Which sentence is correct?

The link you provided me is not correct, it is a link for xyz.

or this:

The link you provided me is not correct; it is a link for xyz.


Your second sentence is correct, as is. However, to be correct, your first sentence needs a semicolon, not a comma.

You could, by the way, punctuate the sentence by using neither a comma nor a semicolon:

The link you provided me is not correct but is a link for xyz.

As for what is correct grammatically, the thinking is if the two parts of the sentence (the part before and the part after the punctuation mark) can stand alone as sentences, then you can either make the punctuation mark a period or a semicolon, but not a comma.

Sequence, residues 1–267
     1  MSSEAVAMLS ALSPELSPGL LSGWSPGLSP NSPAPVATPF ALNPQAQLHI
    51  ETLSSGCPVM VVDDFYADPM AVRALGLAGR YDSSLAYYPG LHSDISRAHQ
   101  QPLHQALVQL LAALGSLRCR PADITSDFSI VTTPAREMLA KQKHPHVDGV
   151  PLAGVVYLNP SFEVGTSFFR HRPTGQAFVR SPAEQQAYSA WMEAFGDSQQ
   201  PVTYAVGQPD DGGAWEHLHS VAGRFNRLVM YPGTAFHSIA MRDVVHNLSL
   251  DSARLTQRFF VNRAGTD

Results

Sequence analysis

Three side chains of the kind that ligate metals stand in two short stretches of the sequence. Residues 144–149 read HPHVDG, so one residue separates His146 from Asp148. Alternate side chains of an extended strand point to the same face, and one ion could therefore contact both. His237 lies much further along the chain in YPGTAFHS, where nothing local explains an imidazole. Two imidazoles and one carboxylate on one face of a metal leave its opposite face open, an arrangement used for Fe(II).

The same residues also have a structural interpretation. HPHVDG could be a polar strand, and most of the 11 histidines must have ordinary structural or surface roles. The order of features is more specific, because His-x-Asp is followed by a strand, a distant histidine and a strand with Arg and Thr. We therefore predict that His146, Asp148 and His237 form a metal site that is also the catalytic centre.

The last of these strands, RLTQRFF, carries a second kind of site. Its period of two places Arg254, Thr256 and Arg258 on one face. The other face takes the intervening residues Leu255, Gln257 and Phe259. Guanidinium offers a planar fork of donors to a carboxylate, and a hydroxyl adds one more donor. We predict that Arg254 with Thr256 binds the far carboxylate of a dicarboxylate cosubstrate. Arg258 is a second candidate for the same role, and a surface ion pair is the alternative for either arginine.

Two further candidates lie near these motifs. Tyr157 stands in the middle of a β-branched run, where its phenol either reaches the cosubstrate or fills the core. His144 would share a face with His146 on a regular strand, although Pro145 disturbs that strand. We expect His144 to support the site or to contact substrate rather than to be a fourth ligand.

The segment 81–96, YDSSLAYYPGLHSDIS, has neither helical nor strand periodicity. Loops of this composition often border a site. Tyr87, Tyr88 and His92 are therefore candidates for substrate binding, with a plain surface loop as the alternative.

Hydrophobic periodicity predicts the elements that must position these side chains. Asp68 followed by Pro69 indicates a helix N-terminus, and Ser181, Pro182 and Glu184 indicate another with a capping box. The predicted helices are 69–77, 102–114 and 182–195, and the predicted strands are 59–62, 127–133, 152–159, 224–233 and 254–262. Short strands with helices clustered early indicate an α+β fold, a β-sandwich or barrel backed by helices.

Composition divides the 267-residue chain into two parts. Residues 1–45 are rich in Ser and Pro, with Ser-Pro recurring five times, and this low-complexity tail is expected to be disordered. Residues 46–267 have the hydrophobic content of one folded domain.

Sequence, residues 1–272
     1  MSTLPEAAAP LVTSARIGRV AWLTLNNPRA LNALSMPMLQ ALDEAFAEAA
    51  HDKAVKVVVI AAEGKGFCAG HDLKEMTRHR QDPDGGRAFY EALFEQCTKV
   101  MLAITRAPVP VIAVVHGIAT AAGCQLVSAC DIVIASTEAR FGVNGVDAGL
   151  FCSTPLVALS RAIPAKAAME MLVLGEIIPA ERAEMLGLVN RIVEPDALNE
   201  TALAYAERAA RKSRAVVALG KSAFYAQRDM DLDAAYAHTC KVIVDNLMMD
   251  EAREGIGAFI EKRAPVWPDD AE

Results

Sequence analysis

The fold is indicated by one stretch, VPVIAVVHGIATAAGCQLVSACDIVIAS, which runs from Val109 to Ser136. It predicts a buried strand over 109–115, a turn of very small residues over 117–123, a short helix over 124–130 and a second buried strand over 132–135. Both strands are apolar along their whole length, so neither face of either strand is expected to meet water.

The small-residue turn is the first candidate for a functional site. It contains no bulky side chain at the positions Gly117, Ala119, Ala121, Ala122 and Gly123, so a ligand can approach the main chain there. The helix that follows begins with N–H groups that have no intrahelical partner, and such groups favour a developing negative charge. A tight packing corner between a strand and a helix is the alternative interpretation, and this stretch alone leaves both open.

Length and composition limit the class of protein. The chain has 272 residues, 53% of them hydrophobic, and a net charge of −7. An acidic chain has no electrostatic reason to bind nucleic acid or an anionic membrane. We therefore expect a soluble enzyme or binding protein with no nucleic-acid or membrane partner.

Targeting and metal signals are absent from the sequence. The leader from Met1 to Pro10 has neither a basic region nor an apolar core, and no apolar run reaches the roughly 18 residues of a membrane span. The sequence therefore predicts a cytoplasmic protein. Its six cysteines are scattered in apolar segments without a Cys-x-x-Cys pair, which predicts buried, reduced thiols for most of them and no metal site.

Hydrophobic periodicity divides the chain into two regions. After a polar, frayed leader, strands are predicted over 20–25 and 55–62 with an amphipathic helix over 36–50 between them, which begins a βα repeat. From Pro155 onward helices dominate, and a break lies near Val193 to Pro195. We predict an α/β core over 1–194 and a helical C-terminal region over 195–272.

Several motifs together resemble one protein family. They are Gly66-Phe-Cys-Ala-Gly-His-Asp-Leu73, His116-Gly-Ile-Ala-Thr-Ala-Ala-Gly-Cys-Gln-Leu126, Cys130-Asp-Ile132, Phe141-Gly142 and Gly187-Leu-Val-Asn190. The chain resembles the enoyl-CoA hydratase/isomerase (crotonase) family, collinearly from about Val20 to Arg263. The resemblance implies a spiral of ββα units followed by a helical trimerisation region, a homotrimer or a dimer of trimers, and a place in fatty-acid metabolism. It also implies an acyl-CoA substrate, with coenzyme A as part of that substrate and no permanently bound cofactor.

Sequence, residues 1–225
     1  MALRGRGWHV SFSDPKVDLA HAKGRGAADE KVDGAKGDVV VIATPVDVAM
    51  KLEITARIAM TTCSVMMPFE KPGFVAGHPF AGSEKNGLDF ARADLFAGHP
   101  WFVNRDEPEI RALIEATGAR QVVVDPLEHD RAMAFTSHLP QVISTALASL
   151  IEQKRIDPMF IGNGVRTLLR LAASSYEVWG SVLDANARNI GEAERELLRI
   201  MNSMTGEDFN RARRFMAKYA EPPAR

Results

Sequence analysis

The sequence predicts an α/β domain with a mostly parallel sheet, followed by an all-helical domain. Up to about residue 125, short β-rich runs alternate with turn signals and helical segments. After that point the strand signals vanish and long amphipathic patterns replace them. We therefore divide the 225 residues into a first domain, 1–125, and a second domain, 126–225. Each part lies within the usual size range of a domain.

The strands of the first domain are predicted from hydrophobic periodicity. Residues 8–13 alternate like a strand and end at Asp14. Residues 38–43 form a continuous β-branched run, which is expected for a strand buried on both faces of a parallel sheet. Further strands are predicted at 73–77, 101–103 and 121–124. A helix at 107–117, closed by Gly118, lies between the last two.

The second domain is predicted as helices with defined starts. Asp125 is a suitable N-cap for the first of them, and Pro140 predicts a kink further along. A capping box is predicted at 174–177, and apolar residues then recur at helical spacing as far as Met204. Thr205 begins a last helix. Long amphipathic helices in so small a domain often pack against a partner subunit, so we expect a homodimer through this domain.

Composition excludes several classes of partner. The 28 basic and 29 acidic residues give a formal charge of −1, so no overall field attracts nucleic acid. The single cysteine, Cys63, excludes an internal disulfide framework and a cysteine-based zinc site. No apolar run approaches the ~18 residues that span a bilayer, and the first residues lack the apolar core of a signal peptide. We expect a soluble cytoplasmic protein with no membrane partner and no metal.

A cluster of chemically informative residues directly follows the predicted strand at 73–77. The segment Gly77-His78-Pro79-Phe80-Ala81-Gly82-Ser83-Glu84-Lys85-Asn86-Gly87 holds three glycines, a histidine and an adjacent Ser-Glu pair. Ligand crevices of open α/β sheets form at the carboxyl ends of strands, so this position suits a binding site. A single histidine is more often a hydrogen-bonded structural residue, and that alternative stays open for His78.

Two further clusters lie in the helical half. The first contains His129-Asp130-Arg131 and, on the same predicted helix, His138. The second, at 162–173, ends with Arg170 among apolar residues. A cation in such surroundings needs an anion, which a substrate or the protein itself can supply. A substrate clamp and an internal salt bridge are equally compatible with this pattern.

A similar rule applies when adding an "interrupting word" to a sentence, as in

He was smart, however, he lacked common sense.

That sentence could be made into two sentences or one:

He was smart. However, he lacked common sense.


He was smart; however, he lacked common sense.

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  • 1
    The second one is correct. – Ram Pillai Nov 21 '19 at 5:47
  • @RamPillai: Indeed it is. I guess I forgot to mention that. Thanks for the reminder. Don – rhetorician Nov 21 '19 at 16:19
  • 1
    (1) This has been answered before several times. (2) Some famous authors have been happy enough to use comma splices. (3) Previous answers contained linked and attributed references. – Edwin Ashworth Nov 21 '19 at 16:46

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